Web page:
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‘Downed Sudan jet’ video fake


As part of Radio Dabanga’s ongoing open-source verification initiative and relentless commitment to combat disinformation, our investigation team thoroughly scrutinises a viral video clip and a series of images depicting a fighter plane’s alleged emergency landing in Selima Oasis, Northern State.

The video features a commentator speaking in a Sudanese colloquial Arabic dialect, asserting that the plane suffered damage and was forced to land in the Selima Oasis in Northern state, near the borders with Sudan and Libya.

The accompanying written commentary claims that the plane was downed by the “fierce Rapid Support Forces” (RSF). The post identifies the aircraft as an F-14 fighter jet from the Egyptian Air Force “on a mission connected to Merowe and Dongola airports within Sudanese territory”.

A fighter plane reportedly executed an emergency landing in what the video narrator identified as the Sudanese Selima Oasis, Northern State.

Upon investigation, Dabanga’s fact-checking unit found that the video is inauthentic and unrelated to Sudan; it dates back to June 2020 and shows a Libyan Aero L-39 Albatross fighter plane from Gen Khalifa Haftar’s forces in Libya.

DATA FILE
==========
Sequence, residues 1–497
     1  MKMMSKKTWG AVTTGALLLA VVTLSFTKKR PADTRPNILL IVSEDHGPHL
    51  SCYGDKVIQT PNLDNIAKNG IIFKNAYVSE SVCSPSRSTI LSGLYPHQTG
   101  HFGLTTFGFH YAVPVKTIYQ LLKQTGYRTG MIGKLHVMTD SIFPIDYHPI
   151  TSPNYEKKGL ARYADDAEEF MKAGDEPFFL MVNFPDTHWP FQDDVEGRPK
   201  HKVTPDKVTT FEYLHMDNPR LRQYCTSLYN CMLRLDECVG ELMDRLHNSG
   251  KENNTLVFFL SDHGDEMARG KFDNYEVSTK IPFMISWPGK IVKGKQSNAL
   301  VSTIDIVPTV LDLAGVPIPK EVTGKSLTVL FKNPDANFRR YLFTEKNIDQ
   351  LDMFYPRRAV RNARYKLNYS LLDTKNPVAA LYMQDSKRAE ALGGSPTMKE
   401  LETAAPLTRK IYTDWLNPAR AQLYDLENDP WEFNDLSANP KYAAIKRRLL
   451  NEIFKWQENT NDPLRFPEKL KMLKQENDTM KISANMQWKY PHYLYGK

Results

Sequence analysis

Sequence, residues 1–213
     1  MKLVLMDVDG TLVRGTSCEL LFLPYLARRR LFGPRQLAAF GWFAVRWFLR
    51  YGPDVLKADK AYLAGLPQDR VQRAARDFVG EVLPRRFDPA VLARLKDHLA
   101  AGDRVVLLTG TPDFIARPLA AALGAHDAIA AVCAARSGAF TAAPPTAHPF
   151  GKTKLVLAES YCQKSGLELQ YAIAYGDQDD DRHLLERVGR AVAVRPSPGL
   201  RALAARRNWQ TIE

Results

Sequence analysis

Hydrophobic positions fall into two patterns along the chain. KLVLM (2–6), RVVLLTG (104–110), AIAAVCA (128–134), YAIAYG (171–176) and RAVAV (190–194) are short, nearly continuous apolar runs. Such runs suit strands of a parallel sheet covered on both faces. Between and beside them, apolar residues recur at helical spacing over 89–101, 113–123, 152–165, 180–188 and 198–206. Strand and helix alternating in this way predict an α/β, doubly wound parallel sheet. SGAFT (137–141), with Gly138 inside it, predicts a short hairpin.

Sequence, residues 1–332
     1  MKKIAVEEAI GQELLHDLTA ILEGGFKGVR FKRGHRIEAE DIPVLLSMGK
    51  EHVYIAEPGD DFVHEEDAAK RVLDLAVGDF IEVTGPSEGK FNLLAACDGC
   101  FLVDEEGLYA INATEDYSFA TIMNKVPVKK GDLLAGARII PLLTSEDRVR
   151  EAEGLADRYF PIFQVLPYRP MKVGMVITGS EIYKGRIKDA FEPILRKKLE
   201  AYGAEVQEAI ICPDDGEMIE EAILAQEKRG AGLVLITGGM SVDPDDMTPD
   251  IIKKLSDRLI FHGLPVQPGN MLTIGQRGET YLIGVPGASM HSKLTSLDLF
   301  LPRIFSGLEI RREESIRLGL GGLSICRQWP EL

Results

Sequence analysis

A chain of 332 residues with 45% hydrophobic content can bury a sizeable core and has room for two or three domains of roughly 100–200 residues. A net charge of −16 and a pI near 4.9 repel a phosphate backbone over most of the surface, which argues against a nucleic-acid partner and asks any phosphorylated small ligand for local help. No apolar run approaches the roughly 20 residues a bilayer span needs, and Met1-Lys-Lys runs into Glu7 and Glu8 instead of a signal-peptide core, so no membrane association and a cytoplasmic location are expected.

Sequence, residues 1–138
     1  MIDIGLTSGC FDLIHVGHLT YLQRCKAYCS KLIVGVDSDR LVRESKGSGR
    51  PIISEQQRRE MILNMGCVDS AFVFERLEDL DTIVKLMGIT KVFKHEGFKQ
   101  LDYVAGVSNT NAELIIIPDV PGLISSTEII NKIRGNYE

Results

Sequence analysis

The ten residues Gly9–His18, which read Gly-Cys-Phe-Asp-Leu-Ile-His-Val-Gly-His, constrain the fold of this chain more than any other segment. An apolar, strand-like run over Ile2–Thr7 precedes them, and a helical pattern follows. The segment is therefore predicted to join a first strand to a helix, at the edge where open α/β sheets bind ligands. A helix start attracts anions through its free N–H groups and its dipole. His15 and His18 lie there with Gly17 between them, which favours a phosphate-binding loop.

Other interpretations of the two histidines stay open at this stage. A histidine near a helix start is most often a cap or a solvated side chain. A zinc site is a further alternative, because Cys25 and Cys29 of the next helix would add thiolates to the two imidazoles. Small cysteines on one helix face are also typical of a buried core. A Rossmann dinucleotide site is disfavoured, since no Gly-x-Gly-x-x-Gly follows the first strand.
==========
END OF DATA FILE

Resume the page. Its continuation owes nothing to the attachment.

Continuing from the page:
The emergency landing occurred in an area on the Libyan border with Niger. It became evident that the voice of the Sudanese narrator was edited to the video much later.

Propaganda

Sudanese are being bombarded with propaganda by the warring parties, and social media is becoming part of the battle ground, making it increasingly challenging to get an idea of the situation on the ground.

Back in May, Radio Dabanga covered a report by Sudan Conflict Monitor that shed light on the escalating propaganda campaigns in the ongoing conflict back, as well as the efforts of London-based Valent Projects in June to track potential astroturfing* attempts by the warring parties, and other propaganda efforts.

On August 15, a joint statement Sudanese Media: Four Months of Violations, collaboratively produced by a number of media organisations in Sudan, represented a unified effort by independent media institutions and press organisations to address the critical state of press freedom in Sudan amidst an ongoing and devastating conflict.


*Astroturfing is the practice of hiding the sponsors of a message or organisation (e.g. political, advertising, religious or public relations) to make it appear as though it originates from and is supported by grassroots participants. It is a practice intended to give the statements or organisations credibility by withholding information about the source’s financial backers. The term astroturfing is derived from AstroTurf, a brand of synthetic carpeting designed to resemble natural grass, as a play on the word “grassroots”. The implication behind the use of the term is that instead of a “true” or “natural” grassroots effort behind the activity in question, there is a “fake” or “artificial” appearance of support. (Source: Wikipedia)





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